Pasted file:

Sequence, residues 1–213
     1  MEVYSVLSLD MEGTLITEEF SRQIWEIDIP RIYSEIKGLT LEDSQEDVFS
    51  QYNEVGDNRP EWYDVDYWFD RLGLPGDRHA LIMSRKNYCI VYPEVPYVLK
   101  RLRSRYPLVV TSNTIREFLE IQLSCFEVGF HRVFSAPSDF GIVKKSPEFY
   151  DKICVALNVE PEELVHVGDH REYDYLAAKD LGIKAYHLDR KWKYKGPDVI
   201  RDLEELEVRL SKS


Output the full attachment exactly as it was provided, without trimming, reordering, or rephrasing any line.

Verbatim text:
Sequence, residues 1–213
     1  MEVYSVLSLD MEGTLITEEF SRQIWEIDIP RIYSEIKGLT LEDSQEDVFS
    51  QYNEVGDNRP EWYDVDYWFD RLGLPGDRHA LIMSRKNYCI VYPEVPYVLK
   101  RLRSRYPLVV TSNTIREFLE IQLSCFEVGF HRVFSAPSDF GIVKKSPEFY
   151  DKICVALNVE PEELVHVGDH REYDYLAAKD LGIKAYHLDR KWKYKGPDVI
   201  RDLEELEVRL SKS